• [0016]
    Physical port connector 11 is typically constituted by an RJ45 connector.
  • [0017]
    The device 1 is in this embodiment of the invention a network switch having a multiplicity of ports for forwarding and receiving addressed data packets. For the sake of example it will be presumed that the switch, the link 2 and the remote device 3 operate in accordance with an Ethernet system such as IEEE Standard 802.3 (1998 Edition).
  • [0018]
    One of these ports, a port 5, includes successive components or ‘layers’ constituted by connector 11, a physical layer device (PHY) 12 and a MAC (media access controller) 14.
  • [0019]
    The PHY 12 is intended to conform to the aforementioned Standard and is capable of operation at a multiplicity of selectable rates, particularly 10 megabits per second, 100 megabits per second and 1000 megabits per second (gigabit operation). The PHY 12 includes an auto-negotiation function 12 a which is preferably implemented as a state machine conforming to the aforementioned Standard and particularly clause 28 thereof. The reader is referred to the extensive discussion of auto-negotiation in that section.
  • [0020]
    The PHY generally is the ‘layer’ between the physically dependent medium, represented by physical connector 11 and link 2 and the medium independent layers, represented by the media access controller 14 in switching ASIC 10. Ethernet data received by physical connector 11 passes to PHY 12 and is converted to a media independent format, denoted Rx Data 15 and proceeds to the media access controller 14 where it is subjected to appropriate preliminary processing and proceeds to (temporary) storage before being forwarded to other port or ports as may be required by the nature of the packet or frame and the address data in it. Correspondingly, data received from within the switching ASIC 10 by the MAC 14 proceeds as Tx Data 16 to the PHY 12 and proceeds onward as Ethernet data to the physical connector 11 and the link 2.
  • [0021]
    Auto-negotiation as defined in Chapter 28 of the aforementioned Standard is initiated by fast link pulses when a link is established. Then, having recourse to various registers 12 b, the PHY device advertises on the link 2 the performance capabilities of the device with respect to the relevant port. The device may have different ports capable of operation in different formats and different data rates. The device may only be capable of operation at lower data rates. In any event, if auto-negotiation is available, there is a forwarding of basic message pages which advertise the performance abilities, particularly the selected data rate or data rates and the duplex mode of which the device is capable on link 2. In an ordinary auto-negotiation exchange, the link partner (remote device 3) returns corresponding messages and there is a negotiation performed by the standardised state machines to determine the common data rate, duplex mode and possibly other performance characteristics for the link 2.
  • [0022]
    If for example a device 1 is in respect of link 2 capable of operation only at either 10 or 100 megabits per second and device 2 were capable of operation only at 100 and 1000 megabits per second, the auto-negotiation process would select the highest common data rate, namely 100 megabits per second and the auto-negotiation state machines in the link partners would control the relevant PHYs accordingly.
  • [0023]
    Switching ASIC 10 includes, as represented schematically in FIG. 1, a switching core 20 which as is well known performs the necessary functions by which packets received by MAC 14 are directed in accordance with address data to one or more of the other ports (denoted by the double arrows) of the switch. Where the switching ASIC 10 performs a bridging or routing operation, switching core 20 also includes a look-up facility to determine whether the destination address is in a forwarding database or not. Routers will have recourse to routing tables (not shown). Since the operation of hubs (which do not require any look-up), switches and routers are well known, the functions associated with a switching core will not be described in detail.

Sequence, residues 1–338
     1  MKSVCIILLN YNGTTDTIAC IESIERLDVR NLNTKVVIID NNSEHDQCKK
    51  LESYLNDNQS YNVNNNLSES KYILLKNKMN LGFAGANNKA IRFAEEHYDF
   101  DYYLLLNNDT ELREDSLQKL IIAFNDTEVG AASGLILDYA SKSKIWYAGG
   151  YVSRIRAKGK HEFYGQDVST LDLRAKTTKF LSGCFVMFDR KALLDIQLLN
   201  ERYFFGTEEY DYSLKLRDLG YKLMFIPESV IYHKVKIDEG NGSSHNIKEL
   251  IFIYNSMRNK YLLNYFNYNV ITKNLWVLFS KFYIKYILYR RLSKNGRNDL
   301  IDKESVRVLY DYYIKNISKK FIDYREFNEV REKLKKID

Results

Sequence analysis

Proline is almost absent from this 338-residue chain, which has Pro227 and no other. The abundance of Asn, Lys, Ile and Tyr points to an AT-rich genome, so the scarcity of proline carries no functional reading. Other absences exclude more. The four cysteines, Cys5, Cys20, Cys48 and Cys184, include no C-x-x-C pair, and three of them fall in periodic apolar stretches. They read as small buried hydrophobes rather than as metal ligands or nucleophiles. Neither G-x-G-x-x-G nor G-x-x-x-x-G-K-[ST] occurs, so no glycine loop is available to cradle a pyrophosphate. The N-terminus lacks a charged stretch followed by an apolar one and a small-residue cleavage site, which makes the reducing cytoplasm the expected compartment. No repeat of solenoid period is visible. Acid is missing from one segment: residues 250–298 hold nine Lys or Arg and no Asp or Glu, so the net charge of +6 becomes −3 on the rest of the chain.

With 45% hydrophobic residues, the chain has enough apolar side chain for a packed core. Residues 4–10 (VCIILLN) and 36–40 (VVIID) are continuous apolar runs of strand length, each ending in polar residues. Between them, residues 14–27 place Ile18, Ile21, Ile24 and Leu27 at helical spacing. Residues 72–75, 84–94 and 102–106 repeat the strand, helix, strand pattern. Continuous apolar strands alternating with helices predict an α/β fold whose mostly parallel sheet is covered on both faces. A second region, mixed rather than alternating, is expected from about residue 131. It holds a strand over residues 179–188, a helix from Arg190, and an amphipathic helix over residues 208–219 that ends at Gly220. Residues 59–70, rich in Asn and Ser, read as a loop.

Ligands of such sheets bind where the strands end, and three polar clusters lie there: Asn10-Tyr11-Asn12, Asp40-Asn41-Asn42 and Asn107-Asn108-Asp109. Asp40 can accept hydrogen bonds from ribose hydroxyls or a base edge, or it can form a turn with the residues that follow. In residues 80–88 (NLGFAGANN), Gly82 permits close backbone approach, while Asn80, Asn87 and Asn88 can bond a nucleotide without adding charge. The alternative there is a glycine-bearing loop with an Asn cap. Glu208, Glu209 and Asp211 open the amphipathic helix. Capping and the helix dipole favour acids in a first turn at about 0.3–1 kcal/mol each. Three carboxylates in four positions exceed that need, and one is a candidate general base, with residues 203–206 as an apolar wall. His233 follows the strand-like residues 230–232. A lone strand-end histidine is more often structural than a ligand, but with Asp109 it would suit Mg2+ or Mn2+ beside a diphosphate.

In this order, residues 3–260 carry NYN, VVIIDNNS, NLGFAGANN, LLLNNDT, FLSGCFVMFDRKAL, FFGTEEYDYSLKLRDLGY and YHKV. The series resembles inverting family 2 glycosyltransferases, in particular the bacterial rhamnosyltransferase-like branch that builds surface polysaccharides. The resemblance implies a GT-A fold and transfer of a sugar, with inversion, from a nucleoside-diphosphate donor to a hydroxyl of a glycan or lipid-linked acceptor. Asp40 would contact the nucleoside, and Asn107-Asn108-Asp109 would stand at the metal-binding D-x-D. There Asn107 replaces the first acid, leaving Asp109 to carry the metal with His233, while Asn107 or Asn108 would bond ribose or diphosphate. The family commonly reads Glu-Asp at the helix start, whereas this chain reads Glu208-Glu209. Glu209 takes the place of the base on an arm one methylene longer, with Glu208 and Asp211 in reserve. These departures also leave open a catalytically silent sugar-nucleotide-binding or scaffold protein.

• [0024]
    It is customary for multi-port devices such as switches and routers to have, for each port, a receive queue, constituting or denoting packets received by the port but not yet subject to operation by the central (switching) core 20 and a transmit queue, consisting or denoting packets which have been subject to operation by the central core 20 and are awaiting transmission from the respective port. Depending on the particular design, the queues may be constituted by the packets, usually each accompanied by a status word, or by pointers each of which indicates the address of a packet in memory. The queues may be formed in FIFOs. In any event buffers 21 and 22 for the queues are provided with two thresholds (21 a, 21 b and 22 a, 22 b respectively) indicating a comparatively full state and a comparatively empty state respectively: there is usually space between the upper threshold and a completely full state and between the lower threshold and a completely empty state. In ordinary devices these thresholds are normally employed for controlling the flows of packets across the device, so that for example a ‘full’ transmit queue (as indicated by the upper threshold 22 a) may be used to inhibit transfer of packets to that queue from a receive queue of another port.
  • [0025]
    In this embodiment of the invention the buffer thresholds 21 a, 21 b, 22 a and 22 b are also employed to provide indications of ‘heavy’ and ‘light’ traffic. The former may be indicated when at least one of the buffers 21 and 22 has a level (i.e. occupancy) above the upper or ‘relatively full’ threshold (21 a or 22 a); in the process shown in FIG. 2 the indication of heavy traffic depends on relative fullness of both buffers. The indication of ‘light’ traffic may be dependent on a respective level below at least one and preferably both of the ‘relatively empty’ thresholds 21 b, 22 b and preferably on a repeated occurrence of occupancy levels below these thresholds.
  • [0026]
    [0026]FIG. 2 illustrates the process by which switch 1 and particularly the MAC 14 and the SMI (serial management interface) 19 co-operate with PHY 12 both in the establishment of the link between switch 1 and the remote device 3 and also perform automatic speed change in accordance with the monitoring of traffic flow through the MAC 14. The process may be conducted in hardware or software and implements the traffic monitor and the control of link speed.